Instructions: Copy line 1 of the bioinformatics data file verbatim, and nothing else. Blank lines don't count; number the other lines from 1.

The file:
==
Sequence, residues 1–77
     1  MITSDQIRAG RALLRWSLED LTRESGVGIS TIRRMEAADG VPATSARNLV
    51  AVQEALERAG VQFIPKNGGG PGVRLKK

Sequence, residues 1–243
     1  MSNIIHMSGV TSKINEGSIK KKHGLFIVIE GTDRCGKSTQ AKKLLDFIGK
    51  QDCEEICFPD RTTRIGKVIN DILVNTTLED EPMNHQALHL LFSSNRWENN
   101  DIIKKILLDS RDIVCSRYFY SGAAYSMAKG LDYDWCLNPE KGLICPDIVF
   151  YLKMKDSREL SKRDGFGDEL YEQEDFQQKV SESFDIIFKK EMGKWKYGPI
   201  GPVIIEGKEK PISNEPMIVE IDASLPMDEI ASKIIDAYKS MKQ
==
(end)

Sequence, residues 1–77